I recently read an article in an industry magazine about the process and conceptual development behind the issue’s cover. The design agency and editor shared work from other designers and labeled the work “concepts.” The final cover was virtually a direct replication of one of those “concepts.” It is deeply concerning that a professional in the field cannot distinguish the difference between looking at existing work for inspiration versus copying it, which is blatant plagiarism.
There are many standards in regard to plagiarism when it comes to writing. Journalists can lose their job and their credibility if they copy another writer’s work. Yet when it comes to creating visuals, a Google image search and “let’s do something like this” has become acceptable research to some.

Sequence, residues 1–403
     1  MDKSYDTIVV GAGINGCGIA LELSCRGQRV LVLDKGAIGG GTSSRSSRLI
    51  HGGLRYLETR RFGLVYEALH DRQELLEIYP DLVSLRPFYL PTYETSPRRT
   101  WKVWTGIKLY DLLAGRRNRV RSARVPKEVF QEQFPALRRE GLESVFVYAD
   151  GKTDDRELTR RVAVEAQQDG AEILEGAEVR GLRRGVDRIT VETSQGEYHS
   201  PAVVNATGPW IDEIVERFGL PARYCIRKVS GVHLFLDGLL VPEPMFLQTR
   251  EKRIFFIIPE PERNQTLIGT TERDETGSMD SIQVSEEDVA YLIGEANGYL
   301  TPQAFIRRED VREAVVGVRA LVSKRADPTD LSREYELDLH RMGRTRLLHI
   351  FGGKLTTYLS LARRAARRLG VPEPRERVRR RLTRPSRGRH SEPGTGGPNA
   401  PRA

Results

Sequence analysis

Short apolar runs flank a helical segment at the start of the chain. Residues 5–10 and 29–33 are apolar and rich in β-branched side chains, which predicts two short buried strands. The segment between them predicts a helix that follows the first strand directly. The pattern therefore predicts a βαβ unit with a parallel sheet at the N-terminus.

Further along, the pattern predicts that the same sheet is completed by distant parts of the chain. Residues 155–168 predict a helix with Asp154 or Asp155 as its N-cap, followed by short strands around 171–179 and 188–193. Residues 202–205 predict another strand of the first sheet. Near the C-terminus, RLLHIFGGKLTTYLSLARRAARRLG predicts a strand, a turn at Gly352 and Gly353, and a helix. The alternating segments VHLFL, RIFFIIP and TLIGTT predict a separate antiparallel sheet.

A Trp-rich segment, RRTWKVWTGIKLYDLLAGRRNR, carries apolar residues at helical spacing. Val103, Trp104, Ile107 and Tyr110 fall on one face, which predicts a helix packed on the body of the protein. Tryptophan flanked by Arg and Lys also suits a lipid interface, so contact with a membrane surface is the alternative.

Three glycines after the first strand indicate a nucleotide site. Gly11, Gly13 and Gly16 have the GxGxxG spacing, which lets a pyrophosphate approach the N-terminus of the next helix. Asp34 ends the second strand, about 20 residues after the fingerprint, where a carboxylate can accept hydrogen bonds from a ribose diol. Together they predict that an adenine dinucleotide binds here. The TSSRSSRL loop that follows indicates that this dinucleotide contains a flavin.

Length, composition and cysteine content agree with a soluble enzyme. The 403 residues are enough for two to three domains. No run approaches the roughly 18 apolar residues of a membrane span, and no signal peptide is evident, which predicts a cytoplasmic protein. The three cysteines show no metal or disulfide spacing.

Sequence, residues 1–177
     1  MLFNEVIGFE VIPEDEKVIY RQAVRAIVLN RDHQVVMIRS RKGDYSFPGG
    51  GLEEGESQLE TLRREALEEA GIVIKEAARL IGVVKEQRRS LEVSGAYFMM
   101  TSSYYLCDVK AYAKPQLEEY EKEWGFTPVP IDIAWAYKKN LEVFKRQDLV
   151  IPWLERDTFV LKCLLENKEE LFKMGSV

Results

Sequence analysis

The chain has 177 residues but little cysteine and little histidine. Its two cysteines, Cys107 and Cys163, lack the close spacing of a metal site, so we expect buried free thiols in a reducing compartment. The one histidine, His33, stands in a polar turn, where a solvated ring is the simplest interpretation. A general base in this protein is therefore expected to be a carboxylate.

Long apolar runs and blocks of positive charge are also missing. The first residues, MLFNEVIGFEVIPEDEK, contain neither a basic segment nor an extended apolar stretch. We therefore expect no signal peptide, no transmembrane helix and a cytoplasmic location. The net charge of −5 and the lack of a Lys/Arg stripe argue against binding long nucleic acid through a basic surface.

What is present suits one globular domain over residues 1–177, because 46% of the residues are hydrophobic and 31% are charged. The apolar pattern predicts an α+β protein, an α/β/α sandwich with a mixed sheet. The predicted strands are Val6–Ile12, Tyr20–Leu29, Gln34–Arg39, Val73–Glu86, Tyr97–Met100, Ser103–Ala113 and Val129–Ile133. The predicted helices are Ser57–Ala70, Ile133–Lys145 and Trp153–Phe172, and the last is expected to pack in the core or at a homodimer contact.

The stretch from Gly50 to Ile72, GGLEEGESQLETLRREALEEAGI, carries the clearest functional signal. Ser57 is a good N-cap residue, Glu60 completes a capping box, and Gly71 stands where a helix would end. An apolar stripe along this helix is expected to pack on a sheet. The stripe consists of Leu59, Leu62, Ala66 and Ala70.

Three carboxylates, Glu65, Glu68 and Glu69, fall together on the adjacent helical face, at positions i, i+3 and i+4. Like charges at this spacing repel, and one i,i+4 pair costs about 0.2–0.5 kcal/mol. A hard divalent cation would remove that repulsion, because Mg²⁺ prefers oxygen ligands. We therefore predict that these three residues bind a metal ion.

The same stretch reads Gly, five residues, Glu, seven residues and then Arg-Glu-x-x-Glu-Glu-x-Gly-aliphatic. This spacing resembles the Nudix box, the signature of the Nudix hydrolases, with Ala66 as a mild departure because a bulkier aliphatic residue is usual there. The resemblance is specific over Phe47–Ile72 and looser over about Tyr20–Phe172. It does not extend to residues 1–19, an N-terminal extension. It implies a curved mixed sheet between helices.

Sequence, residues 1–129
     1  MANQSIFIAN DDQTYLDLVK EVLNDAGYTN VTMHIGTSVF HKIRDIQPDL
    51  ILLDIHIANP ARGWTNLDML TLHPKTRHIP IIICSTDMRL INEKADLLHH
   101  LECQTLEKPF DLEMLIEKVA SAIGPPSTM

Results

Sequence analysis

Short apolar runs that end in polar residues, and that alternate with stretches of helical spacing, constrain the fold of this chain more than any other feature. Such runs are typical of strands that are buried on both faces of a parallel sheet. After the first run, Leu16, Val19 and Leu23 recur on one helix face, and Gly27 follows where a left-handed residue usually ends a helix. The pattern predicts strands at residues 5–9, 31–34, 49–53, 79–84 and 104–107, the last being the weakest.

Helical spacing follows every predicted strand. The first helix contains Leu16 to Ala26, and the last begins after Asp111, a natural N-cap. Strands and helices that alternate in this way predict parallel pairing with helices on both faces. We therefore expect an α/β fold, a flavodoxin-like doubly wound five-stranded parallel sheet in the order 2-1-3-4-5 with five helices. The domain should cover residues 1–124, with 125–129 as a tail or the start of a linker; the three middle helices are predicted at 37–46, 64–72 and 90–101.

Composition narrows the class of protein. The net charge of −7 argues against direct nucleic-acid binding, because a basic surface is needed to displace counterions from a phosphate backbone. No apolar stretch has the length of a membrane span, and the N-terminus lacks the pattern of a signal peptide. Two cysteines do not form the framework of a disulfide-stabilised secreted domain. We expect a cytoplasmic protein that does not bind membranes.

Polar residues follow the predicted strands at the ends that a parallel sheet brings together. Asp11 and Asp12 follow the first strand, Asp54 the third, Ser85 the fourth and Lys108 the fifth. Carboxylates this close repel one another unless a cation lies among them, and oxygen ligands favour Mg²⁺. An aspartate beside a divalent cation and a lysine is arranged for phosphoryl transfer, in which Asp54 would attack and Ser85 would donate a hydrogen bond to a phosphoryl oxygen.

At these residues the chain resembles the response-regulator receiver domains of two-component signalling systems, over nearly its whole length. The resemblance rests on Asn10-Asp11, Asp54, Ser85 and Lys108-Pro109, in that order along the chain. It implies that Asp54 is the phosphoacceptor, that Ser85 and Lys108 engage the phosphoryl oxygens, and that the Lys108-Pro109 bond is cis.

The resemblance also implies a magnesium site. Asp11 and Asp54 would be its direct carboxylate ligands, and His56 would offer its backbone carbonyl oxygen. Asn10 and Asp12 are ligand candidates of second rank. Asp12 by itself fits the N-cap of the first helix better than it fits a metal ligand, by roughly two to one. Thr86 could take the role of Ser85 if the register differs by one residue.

Just as a writer must research, draft, and develop an article, it is imperative for art directors and designers to thoroughly research, sketch, and create a unique visual solution. An image search may be part of that process, and it may include reviewing existing visual metaphors and best practice, but copying someone else’s work only serves to diminish the credibility of the creator.